News Analysis |
Adam Kinzinger, a Congressman from Illinois has asked President Trump to resume air strikes inside Pakistan at alleged terrorist hideouts, which are stoking trouble in Afghanistan.
The Express Tribune quoted him as saying “get back to some real tough love when dealing with Pakistan.”
Such urges are not new from American politicians as time and again they have stressed on the “do more” rhetoric.
The US has already started to twist Islamabad chiefly due to the ever-worsening situation in Afghanistan. There has been a $190 cut in financial aid to Pakistan this year by the Trump Administration.
The Drone and Aerial campaigns were one of the mainstays of the Obama Administration while dealing with Pakistan. It was done on the pretext of the presence of troubling elements inimical to US war efforts.
Kinzinger said that pressure must be exerted on Pakistan to take stern measures against terrorism. ”Ultimately we have to make it clear that we are going to cross the border if necessary because they are not doing enough.”
Here it must be stressed that the US has already started to twist Islamabad chiefly due to the ever-worsening situation in Afghanistan. There has been a $190 cut in financial aid to Pakistan this year by the Trump Administration. It has proposed $344 million in financial assistance to Pakistan including $100 million in foreign military funding, a massive $190 million reduction in the grant as compared to the 2016 fiscal year.
In addition, in order to further squeeze Islamabad the administration has proposed the $800mn – a cut of US $100 million compared to the previous time – in its annual budget proposals under the Coalition Support Fund (CSF), a Pentagon program to reimburse US allies that have incurred costs in supporting counter-terrorism and counter-insurgency operations.
Ties between the two countries are anything but healthy at a time when close cooperation is required to reach a negotiated end to an otherwise unwinnable war in Afghanistan.
The US has linked the disbursement of aid to Pakistan with actions against the Haqqani Network, something which has been oft-repeated by the US and vehemently denied by Pakistan.
The US has again iterated Pakistan’s half-hearted drive to end terrorism.
“The Department recognizes the significant sacrifices the Pakistan military has made in the fight against terrorism and appreciates Pakistan’s continued support for the transit of materiel to coalition forces in Afghanistan.”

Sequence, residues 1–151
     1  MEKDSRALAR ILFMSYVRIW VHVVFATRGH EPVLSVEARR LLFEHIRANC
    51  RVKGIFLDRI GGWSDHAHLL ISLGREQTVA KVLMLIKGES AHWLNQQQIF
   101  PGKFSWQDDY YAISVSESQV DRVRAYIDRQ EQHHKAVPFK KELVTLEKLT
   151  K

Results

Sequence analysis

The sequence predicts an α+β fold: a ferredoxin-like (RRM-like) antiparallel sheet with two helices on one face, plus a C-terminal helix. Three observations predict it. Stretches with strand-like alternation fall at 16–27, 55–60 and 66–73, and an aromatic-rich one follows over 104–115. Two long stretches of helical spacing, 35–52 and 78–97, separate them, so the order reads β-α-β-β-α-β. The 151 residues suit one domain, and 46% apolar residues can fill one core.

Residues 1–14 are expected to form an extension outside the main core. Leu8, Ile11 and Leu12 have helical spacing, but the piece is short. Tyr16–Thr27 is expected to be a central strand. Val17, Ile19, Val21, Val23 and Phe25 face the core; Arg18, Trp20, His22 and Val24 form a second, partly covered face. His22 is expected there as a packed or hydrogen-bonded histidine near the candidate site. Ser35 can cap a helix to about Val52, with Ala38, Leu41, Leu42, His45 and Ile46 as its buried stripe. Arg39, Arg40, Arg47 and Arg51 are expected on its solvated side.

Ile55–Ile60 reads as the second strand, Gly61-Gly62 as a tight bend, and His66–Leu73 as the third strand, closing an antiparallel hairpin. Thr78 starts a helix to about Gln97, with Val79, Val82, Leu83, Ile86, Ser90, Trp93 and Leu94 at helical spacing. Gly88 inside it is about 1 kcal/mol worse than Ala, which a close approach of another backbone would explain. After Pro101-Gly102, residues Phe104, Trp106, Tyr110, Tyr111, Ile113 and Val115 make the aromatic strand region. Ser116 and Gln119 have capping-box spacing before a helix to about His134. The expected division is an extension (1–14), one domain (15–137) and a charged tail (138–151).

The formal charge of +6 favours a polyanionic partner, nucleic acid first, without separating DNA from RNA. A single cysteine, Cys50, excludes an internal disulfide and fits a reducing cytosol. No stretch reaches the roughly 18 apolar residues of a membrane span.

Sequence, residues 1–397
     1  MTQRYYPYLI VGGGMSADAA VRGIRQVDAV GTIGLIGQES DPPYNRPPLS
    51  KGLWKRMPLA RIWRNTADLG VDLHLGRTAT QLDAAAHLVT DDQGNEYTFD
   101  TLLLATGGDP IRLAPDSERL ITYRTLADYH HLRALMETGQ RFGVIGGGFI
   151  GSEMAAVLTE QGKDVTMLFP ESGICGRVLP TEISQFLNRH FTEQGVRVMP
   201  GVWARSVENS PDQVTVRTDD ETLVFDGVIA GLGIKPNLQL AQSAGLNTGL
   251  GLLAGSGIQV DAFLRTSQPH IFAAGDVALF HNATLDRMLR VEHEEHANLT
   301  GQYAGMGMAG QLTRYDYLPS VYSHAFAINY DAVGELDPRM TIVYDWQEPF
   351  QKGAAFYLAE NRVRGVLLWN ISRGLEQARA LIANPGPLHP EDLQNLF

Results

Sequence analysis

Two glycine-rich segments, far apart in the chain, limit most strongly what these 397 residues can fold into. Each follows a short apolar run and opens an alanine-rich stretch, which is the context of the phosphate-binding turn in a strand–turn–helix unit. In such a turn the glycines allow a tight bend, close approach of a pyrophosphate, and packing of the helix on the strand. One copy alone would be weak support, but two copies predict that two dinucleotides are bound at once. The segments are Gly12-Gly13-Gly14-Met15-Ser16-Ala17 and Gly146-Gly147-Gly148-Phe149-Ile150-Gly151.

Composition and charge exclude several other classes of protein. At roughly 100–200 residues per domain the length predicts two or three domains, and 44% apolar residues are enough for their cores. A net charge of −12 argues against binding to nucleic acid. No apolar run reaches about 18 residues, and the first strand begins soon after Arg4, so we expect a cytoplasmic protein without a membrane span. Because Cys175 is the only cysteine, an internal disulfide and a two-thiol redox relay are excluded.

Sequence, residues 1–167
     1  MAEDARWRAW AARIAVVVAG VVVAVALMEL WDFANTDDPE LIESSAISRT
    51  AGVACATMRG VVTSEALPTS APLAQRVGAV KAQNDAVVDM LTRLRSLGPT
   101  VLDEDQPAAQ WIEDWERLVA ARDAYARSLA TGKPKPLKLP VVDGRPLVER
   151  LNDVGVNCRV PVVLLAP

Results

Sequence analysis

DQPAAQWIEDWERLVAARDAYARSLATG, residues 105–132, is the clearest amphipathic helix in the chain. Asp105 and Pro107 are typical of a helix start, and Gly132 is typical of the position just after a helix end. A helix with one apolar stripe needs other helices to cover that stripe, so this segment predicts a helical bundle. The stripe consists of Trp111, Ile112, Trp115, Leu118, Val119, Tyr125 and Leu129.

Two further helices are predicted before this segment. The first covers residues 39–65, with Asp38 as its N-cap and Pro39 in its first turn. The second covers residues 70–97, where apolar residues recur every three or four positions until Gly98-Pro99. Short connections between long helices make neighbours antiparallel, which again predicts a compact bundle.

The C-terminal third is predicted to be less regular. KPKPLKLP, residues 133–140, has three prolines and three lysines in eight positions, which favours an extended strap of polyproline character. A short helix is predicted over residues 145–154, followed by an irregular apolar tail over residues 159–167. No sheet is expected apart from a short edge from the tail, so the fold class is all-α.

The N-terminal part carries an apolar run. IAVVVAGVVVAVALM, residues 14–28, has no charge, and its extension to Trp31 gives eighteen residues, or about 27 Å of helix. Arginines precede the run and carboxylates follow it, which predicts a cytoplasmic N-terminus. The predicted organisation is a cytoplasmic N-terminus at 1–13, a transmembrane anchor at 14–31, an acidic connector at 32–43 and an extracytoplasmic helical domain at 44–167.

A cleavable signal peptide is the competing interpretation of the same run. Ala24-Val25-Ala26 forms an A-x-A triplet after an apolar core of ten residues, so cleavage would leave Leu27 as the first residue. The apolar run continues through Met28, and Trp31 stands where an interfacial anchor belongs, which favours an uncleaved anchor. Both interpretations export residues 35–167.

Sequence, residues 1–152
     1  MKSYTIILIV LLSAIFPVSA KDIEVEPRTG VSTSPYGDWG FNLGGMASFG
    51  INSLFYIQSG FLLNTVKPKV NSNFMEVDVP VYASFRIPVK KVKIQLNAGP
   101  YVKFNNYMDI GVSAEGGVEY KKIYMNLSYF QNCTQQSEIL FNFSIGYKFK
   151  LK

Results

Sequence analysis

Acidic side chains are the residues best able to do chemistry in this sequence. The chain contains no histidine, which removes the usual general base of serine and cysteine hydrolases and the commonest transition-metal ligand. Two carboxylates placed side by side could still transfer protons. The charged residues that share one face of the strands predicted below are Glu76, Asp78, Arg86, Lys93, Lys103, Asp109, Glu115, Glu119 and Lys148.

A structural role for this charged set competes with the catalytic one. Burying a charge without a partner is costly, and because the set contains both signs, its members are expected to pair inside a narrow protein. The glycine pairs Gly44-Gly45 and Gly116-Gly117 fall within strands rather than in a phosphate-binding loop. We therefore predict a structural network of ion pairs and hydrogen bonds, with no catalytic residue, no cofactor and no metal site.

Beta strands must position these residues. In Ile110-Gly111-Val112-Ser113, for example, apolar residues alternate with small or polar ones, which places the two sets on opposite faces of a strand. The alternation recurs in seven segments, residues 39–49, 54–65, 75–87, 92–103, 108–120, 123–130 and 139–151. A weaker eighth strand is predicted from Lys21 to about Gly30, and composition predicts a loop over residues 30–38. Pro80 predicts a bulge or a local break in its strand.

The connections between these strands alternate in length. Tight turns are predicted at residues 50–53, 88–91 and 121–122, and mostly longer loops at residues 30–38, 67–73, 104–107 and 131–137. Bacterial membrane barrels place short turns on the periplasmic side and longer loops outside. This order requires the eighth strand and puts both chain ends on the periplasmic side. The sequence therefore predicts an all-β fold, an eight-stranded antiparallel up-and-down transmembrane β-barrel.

– US Deputy Secretary of Defense
“Disbursement of the remaining US $350 million requires the Secretary of Defence to certify that Pakistan has taken sufficient action against the Haqqani Network. The Secretary has not yet made a decision on certification,” Stump said.
Trouble in Afghanistan: Pakistan must worry
A suicide car bomber attacked Afghan police providing security to US forces in eastern Afghanistan, killing at least 18 people.
Al Jazeera reported that the responsibility of the blast was accepted by the Taliban. The blast took place around 8:30 am on Saturday near a stadium and bus station in Khost City.
“Eighteen people were killed and 10 people injured, including two children. The target of the attack was Afghan police and US forces, but most of the victims were civilians.”
– Mubariz Zadran (a spokesman for the governor of Khost province)
This is indicative of Taliban’s brazen rise and the incapability of the security apparatus in dealing with them. The Taliban are holding about 58% of Afghan territory and are attacking Afghan and foreign forces with impunity. After the deadly attack on 209 corps headquarters last month which claimed lives of 150 Afghan soldiers, the Taliban carried out two attacks on military installations in Kandahar this week claiming the lives of 25 soldiers.
The US has been forced to mull over a new policy for Afghanistan in light of the deteriorating situation.
The US is thinking of a military-heavy policy option to turn the tables in Afghanistan since it employed the GBU 43 bomb against IS last month in Nangarhar. A change in policy was deemed indispensable and necessary because of Taliban’s swift and bold resurgence. There have been many deliberations and statements but Lt Gen McMaster is the first senior official who clearly talked about the new policy applying to Pakistan also.